jumbly said...

This half of team jaki is more than happy to crew for you again. Especially if you decide to take it to the Americans and fly us all out to California for a midge free ultra?? No, oh, OK, see you in Milngavie again next year then!?

SS:Mtn Biker said...

Kate,all I can say is WOW! I'm with everyone else...70 miles is an accomplishment,my friend! And seeing nothing but positives is even better! Beautiful,awe-inspiring post =D

Steve

vdubber67 said...

I know you didn't finish, but you ran 70 miles! That's a truly awesome achievement. Well done.

:)

trio said...

Winging it for 70miles, I don't think so! That requires a lot of fitness, next year you just need a little more!

I'm glad I'm not the only one who can't follow a plan! I think only the really dedicated can and they are the ones who win races!

So what is the next event!

Davie said...

Kate, Gutted for you as I've enjoyed following your progress.Hope to see your name on next years start list.
If you look back at one of your comments, you'll see you were travelling at 13.5 miles per hour! Maybe that was the problem!

Julbags said...

Brilliant effort Kate, very few people could "wing it" for 70 miles. I tend to rebel against "plans" as well.

"a combination of early nineties rave, dolly parton.." have you stolen my Ipod? Spookily similar.

Groover said...

Far out, I can't even imagine to do that. Nobody would want to support me when I stay awake for that long, let alone run. I'd be so grumpy. I'd have that breakdown at about mile 6! LOL A big well done from here. I'm in awe, DNF and all.

But what that obsession with human waste products lately? :-)

Pedalling Polarcherry said...

as I said on Vikkis post. massive massive respect for 70 massive miles of running you did! stay proud of yourself because you really should be, x

Fiona Rennie said...

Take (Failed) from your header! You have not failed at all, just posponed your goal, it's still there. 70 miles is a flaming long way and you will have learned a lot from it. See you next year, love Fiona xx

swiss said...

70 miles! i have a stop and think before i cycle 70 miles far less run it. even thinking about it makes me want to go to a&e! (i can run about a mile before crying like a small child!)

plus, the whole of the whw? that's a kick ass challenge so i don't think 70 miles on the first go is anything to give yourself a hard time about

i crash and burn and these things all the time but each one's a learning experience in the widest possible sense. it's not the failure, or lack of finishing, that counts but how we deal with it. me, i love it, pushing myself (or not!) that wee bit further each time.

it's a shame we forgot this was on this weekend or we could've come up and cheered you on. as it is we're proud for you. well done!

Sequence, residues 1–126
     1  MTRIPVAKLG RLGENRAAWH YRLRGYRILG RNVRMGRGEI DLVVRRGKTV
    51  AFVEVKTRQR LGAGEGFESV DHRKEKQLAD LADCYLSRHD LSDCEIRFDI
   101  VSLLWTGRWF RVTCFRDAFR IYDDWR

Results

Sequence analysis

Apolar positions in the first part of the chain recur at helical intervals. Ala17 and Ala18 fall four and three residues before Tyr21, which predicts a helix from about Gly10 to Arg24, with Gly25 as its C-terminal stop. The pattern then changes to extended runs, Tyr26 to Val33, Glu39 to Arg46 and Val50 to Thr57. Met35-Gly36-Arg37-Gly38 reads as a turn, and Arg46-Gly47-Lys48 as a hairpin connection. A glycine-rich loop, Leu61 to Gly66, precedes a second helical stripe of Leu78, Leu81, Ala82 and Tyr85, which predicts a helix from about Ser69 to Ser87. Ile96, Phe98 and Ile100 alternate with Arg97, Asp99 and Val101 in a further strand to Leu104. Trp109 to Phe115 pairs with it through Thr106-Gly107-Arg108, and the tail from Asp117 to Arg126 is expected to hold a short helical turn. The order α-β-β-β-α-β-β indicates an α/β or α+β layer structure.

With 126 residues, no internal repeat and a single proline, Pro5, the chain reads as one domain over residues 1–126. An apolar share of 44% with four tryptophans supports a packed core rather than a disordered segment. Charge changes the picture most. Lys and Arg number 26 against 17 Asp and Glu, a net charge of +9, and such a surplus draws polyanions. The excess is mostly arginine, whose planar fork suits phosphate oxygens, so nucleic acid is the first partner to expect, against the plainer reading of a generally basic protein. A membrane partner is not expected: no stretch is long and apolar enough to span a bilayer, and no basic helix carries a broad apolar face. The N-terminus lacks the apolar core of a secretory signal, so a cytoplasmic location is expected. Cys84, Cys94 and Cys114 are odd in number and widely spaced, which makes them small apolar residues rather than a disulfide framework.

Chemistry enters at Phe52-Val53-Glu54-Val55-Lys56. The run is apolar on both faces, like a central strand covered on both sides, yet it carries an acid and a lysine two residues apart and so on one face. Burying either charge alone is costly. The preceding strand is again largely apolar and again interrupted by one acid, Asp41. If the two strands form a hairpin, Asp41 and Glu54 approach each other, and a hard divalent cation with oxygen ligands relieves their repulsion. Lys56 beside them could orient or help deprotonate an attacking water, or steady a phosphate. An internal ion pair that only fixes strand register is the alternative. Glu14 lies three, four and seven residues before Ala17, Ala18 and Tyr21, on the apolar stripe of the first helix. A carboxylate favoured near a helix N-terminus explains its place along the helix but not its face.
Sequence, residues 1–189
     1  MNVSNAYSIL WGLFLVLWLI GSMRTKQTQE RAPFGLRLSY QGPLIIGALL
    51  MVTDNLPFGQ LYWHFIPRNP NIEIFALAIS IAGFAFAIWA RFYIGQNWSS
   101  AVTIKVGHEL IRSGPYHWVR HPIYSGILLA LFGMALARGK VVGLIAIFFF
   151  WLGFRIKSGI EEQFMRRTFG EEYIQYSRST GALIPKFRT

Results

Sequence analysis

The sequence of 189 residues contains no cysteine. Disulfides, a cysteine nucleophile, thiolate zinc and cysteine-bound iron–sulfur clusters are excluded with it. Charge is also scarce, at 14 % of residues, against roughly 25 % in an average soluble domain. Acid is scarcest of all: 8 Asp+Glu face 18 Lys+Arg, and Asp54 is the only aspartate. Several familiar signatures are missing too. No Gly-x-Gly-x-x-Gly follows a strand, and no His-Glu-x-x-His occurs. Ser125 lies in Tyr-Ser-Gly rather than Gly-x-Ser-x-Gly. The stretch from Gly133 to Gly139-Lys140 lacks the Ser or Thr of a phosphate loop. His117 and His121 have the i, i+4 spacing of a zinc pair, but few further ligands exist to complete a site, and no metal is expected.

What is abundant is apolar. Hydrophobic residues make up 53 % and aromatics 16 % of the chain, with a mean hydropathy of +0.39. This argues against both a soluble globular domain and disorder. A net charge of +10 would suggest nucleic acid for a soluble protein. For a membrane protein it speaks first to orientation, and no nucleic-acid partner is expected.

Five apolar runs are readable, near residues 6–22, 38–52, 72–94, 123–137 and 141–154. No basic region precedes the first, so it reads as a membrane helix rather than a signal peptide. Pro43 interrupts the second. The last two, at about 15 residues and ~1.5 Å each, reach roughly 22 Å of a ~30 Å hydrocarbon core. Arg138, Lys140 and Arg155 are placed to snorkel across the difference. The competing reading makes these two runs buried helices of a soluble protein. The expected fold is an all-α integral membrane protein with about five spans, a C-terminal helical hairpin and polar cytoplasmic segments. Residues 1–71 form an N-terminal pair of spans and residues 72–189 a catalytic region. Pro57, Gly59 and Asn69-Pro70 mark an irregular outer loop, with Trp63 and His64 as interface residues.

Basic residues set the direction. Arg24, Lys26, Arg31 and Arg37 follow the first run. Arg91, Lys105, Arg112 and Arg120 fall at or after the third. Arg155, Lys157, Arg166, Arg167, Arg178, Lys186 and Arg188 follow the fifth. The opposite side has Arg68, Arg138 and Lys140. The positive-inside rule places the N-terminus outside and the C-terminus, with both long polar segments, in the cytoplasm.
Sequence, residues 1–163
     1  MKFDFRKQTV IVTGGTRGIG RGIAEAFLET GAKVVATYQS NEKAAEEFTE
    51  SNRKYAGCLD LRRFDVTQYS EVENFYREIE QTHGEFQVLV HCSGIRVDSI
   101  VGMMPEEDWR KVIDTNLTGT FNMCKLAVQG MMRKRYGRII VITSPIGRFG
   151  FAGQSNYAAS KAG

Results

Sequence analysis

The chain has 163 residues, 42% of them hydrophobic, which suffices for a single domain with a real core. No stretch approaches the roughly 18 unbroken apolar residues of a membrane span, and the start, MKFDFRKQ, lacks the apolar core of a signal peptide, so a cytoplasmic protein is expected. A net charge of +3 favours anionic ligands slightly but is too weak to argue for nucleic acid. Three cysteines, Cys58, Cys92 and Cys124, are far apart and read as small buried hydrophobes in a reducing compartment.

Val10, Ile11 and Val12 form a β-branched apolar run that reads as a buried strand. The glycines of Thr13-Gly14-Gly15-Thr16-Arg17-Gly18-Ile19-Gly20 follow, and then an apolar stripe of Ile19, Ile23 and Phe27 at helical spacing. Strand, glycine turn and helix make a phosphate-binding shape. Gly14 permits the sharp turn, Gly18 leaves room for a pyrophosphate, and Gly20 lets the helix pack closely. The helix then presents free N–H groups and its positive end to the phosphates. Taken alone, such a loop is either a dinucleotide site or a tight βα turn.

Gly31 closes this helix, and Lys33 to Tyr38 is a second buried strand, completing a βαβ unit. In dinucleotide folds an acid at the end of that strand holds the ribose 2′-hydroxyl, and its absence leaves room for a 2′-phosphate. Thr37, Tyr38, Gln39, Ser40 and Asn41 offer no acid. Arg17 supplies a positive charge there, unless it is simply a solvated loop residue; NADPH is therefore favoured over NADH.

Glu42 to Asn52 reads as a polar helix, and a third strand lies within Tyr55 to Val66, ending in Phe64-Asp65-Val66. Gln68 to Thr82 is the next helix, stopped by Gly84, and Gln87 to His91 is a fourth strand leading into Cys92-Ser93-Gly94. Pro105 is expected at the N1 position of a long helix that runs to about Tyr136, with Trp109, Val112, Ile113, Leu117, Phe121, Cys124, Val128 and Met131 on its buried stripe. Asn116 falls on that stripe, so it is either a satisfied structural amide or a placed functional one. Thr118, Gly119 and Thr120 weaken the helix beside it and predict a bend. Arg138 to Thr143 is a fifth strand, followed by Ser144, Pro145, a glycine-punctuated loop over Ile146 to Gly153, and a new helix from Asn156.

Joe Newton said...

Seventy miles made me realise you are a fucking warrior.

"i managed to resist the urge to pick it up in a sandwich bag just so i could show jaki" made me snort with laughter so hard that tea came out my nose.

Yak Hunter said...

Loved your post. Well done.

lesleyh said...

as Fiona says, get that "failed" off yer header!!!! You did a fantastic job, 70 miles if no mean feat! It's a tough tough race, and next year you can try again with a fresh perspective and a heap of knowledge. Recover well, great to meet you and your crew. Take it easy eh?! x

The German said...

Evening lass !

Was good to see you again at the start even if only for a few seconds.

A few points ...HUGE respect for getting to the start line and for what you achieved. Even bigger respect for being able to write about it and share it with us. Will tell you a tale about someone who is not nearly as courageous as you next time I see you.

For what it is worth ... the WHW races scares the hell out of me. I have done the Highland Fling twice and the Devil of the Highlands once and simply cannot get my head around how the feck you add the two together (and probably never will) !!!

In terms of jaki ...compare and contrast ...at Balmaha our runner had to wake me and the other "support" team member up (we were just crashed out on the grass in sleeping bags ! BG farm at the top of the loch ...I am woken by a girl knocking the window of the van asking if I am Graham or Mark ...opps - caught sleeping on the job again. Jason did get his own back by making me run from Glen Coe to the Fort with him.

Take time ...relax and THEN look for another challenge ...there are loads out there !

WELL DONE KATE :-)

Yir pal
Graham

kate said...

uc- awh, shucks! i do sometimes worry about waffling on but it's good to look back on posts. hopefully will have another go at the fling, and next year i'm racing it ;)

sbrt- cheers, if i hadn't of retired it would have turned into two!!

elizabeth- thanks. it's amazing how much more positive i feel about this compared to the fling. maybe i need shorter term goals! good to hear that training doesn't come easy to you to!